Airbnb criticized for listing Jewish settlements as being inside Israel

Airbnb billionaire on life-changing road-trip
Airbnb billionaire on life-changing road-trip

The first question on Airbnb's website is "Where do you want to go?" Some answers, especially for people looking to stay in or near Jerusalem, have thrust the startup into a Middle East debate.

Certain Airbnb hosts who live in Israeli settlements in contested regions have been listing or describing their properties as being located in Israel.

Earlier this week the ambassador at large for the Palestinian government accused Airbnb of making money off of "illegal and criminal" activity.

"This website is promoting stolen property and land," Husam Zomlot first told The National, an English-language news outlet in the United Arab Emirates.

Zomlot also called for legal action against the startup -- a company that "profit(s) from the occupation."

"We will pursue this company in order to be a lesson for each one who is trading in our blood and profiting from the occupation," a translation of a Facebook post he wrote on Wednesday reads.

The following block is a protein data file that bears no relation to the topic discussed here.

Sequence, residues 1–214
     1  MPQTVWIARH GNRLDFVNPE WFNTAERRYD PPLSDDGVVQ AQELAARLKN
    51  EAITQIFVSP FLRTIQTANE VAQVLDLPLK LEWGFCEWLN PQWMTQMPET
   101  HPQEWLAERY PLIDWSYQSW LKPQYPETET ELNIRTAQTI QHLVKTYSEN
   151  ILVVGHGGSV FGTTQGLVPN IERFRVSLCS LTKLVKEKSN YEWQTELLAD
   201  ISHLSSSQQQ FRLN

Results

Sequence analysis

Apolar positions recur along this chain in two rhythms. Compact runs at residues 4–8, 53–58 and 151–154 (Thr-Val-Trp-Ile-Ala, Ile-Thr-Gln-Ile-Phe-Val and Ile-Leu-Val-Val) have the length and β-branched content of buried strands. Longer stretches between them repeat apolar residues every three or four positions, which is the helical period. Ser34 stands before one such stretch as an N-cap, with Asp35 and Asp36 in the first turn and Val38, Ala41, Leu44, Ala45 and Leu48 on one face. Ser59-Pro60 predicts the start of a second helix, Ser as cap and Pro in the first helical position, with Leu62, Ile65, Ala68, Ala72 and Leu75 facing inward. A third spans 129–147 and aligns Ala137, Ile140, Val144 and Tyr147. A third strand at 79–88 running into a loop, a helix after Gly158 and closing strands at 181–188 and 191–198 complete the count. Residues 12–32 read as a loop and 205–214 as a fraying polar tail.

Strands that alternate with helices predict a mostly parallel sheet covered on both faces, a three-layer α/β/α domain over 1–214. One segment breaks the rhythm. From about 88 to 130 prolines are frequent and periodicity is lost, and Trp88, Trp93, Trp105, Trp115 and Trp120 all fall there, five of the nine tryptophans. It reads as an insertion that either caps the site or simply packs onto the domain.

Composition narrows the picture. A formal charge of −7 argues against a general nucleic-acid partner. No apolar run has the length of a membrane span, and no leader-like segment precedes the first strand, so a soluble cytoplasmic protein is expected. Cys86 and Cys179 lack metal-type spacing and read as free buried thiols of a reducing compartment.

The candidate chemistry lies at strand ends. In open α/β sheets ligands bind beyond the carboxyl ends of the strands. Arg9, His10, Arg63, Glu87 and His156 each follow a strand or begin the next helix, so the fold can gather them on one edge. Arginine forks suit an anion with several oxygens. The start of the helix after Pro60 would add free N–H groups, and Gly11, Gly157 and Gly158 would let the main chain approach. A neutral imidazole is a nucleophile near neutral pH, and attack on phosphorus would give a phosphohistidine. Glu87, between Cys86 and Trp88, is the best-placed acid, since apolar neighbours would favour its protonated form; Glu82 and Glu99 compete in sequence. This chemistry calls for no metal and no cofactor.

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Airbnb lets people advertise their homes online for travelers to rent. Addresses are kept hidden until hosts confirm a reservation. But a Google Maps tool will still show approximate locations.

Two listings for housing in Tekoa, an Israeli settlement within the West Bank, describe their approximate location as "Tekoa, Israel."

"We love our house because it's totally comfortable and full of ambiance which we created with our own hands," a description for one of them reads.

"Breath-taking elegance. Political," reads another, which is listed for $500 per night.

There are also listings within other Jewish settlements including ones in Kedar and Efrat.

In a statement, Airbnb said that it investigates "concerns raised about specific listings," and "we follow laws and regulations on where we can do business."

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Airbnb makes money by charging renters a set of fees for each booking. But by collecting money from homes within the controversial settlements, critics contend that Airbnb is aiding and abetting a crime."

"The law is quite clear that the settlements are illegal," said John Dugard, international law professor at Leiden Law School in the Netherlands. He cited the Fourth Geneva Convention and Rome Statute of the International Criminal Court.

While Dugard believes that prosecution seems unlikely, he thinks that Airbnb should at least require hosts to disclose that their property is within a settlement.

"In order to protect consumers, they should be given all the information," he said.

This isn't Airbnb's first run-in with the law. Airbnb has faced legal fights with the city of San Francisco and New York, and hosts have sued for bad guest behavior.

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